Sony Pledges to Consume Only Green Certified Electricity by 2040

published: 2018-09-17 11:27 | editor: | category: News

Sony Corp., the global technology giant based in Japan, announced on 10 September that it has joined the Global Initiative RE100 and will be raising the share of renewable generation in its power usage from the current level of 7% to 100% by 2040. Sony already laid out a plan called “Green Management 2020” in 2015. The goals of this plan, which is scheduled run from 2016 to 2020, are to cut the annual average energy consumption of Sony’s electronic products by 30% and to lower company’s carbon emissions by 300,000 tons through the use of green certified electricity. The latest announcement on the target of using electricity wholly from renewable generation in 2040 represents an ambitious expansion of Sony’s environmental mission.

Sony in a press release stated that joining RE100, which was launched by the non-profit organization The Climate Group, is to raise environmental awareness among consumers and investors worldwide. With 111 business sites around the globe, Sony will increase its utilization of renewable energies by installing solar panels on the roofs of its factories and purchasing green certified electricity. According to the reporting by Nikkei Asian Review, Sony will use renewable energies to power both the manufacturing of its hardware products (e.g. television sets and cameras) and the creation of its media content (e.g. moviemaking).

In the short term, Sony intends to increase the share of renewable generation in its total power usage from 7% to 30% by 2030. Nikkei’s reporting points out that while all of Sony’s operations in Europe are running on renewable energies, 80% of the company’s total energy consumption is centered in Japan and mainly related to the production of its semiconductor components.

To conserve more energy and reduce carbon emissions, Sony has also been modifying the equipment of its semiconductor plants. For example, the air conditioning system in the company’s Nagasaki Technology Center now uses electricity produced by the reclaimed heat from the facility’s equipment. Previously, the air conditioning system was powered by steam turbines driven by the burning of fossil fuels. Since a lot of energy is used to maintain the temperature and humidity levels in the clean room, which is a core part of the facility, this improvement has increased the facility’s overall energy efficiency by 2.1 times. In addition to the installation of rooftop solar panels, the purchase of green certified electricity, and the optimization of equipment, Sony may also consider acquiring utility-scale solar power plants in order to achieve its 2040 target.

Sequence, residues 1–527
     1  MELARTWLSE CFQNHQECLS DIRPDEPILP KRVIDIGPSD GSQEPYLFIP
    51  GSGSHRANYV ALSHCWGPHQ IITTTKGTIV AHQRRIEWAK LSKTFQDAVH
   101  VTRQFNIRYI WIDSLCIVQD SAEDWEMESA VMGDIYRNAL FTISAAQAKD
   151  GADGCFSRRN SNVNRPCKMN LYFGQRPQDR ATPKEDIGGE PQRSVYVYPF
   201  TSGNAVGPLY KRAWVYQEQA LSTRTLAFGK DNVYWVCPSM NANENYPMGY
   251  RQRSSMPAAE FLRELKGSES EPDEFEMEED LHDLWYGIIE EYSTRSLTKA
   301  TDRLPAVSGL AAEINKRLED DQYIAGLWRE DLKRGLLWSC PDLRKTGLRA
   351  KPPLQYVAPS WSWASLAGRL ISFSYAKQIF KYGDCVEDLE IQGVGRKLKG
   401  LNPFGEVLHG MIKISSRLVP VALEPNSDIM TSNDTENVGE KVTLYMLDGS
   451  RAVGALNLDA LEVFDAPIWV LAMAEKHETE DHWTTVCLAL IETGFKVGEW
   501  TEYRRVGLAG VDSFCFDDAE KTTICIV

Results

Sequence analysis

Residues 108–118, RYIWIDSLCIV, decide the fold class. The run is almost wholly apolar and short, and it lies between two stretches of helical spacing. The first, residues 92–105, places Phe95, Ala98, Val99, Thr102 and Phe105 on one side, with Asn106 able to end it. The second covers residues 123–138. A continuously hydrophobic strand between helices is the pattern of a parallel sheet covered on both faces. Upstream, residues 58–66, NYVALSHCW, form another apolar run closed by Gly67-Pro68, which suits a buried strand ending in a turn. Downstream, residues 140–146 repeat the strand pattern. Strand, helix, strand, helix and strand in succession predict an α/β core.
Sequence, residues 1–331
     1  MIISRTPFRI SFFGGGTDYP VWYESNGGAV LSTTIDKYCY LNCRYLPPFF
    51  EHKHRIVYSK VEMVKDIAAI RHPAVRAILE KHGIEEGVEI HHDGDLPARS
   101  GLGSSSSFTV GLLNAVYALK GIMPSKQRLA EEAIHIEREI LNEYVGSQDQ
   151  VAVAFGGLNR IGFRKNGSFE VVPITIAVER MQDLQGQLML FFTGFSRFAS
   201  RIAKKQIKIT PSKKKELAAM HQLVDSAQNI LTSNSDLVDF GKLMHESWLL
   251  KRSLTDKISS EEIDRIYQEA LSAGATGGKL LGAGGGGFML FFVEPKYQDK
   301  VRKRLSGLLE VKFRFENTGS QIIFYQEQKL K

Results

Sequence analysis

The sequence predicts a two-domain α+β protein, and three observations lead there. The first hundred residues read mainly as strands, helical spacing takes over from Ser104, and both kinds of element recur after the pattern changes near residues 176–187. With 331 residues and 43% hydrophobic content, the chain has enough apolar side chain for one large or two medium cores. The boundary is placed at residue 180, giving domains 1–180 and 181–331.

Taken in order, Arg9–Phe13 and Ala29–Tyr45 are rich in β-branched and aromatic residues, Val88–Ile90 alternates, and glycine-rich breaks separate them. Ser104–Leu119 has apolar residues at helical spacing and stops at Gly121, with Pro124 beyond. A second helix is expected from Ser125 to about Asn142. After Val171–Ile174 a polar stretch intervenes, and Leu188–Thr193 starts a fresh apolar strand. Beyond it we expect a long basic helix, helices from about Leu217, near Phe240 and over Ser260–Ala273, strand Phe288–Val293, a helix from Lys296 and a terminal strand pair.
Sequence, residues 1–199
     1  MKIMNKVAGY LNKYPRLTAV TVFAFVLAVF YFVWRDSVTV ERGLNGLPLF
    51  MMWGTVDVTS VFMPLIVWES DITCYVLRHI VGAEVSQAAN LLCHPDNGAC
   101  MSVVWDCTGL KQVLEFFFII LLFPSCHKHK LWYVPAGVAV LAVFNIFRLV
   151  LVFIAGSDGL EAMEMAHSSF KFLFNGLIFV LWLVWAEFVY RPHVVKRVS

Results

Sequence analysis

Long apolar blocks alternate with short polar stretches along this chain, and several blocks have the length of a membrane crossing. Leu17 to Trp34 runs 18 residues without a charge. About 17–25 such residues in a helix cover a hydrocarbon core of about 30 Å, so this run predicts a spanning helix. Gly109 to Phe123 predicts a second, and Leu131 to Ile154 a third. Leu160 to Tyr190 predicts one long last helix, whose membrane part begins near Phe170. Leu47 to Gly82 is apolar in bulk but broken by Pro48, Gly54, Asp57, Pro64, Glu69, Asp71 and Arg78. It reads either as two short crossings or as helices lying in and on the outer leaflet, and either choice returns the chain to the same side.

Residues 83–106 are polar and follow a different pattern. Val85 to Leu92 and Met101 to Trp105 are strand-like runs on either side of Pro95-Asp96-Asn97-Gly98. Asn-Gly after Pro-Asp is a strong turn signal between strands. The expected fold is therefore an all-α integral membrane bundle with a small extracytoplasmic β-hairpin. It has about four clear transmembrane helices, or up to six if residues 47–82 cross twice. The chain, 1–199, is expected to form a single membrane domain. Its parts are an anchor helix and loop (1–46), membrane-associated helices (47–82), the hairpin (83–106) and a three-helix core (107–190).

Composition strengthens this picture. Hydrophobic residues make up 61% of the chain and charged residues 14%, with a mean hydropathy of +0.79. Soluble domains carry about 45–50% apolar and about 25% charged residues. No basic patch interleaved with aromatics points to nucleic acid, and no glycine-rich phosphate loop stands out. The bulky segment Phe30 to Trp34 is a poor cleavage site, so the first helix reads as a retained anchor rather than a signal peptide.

Japan has been working on ways to reduce its reliance on nuclear power since the meltdown disaster at Fukushima Daichii in 2011. To encourage domestic utility companies to purchase power from renewable sources, the Japanese government instituted a feed-in tariff scheme in July 2012. Since then, the deployment of solar photovoltaic generation in the country has expanded rapidly on a yearly basis, with installed capacity increased by 28.75 million kilowatts during 2012-2016. The reporting by Nikkei notes that Sony might start acquiring solar power plants in 2032, when some of these facilities will have passed their 20-year age limit for receiving subsidy.

Major enterprises worldwide are riding on the trend of investing in renewable energies and setting a zero-carbon emission target. Japanese companies that have joined the RE100 coalition include Fujitsu Ltd., AEON Co. Ltd., ASKUL Corp., Daiwa House Group, Marui Co. Ltd., Envipro Holdings, and The Johnan Shinkin Bank. These companies belong to various industries and trades such as electronics, department store, recycling, office supply, real estate, and finance.

Japanese Companies Working Towards Using 100% Renewable Electricity and Their Target Deadlines


ASKUL Corp., Marui Co. Ltd.


Daiwa House Group, Sekisui House Ltd., Watami Co. Ltd., Sony Corp.


Envipro Holdings, Fujitsu Ltd., The Johnan Shinkin Bank, Ricoh Co. Ltd., AEON Co. Ltd.


The Global Sustainable Investment Alliance (GSIA) estimates that the total scale of socially responsible investments (SRI) worldwide grew 25% between 2014 and 2016 to US$22.9 trillion. Furthermore, more and more corporations are investing in the renewable energy sector to demonstrate their support for building a more environment friendly society.

 (The above article is an English translation of a Chinese article written by Daisy Chuang. The credit of the top image goes to Ian Muttoo via Flickr and falls under the license of CC BY 2.0.)

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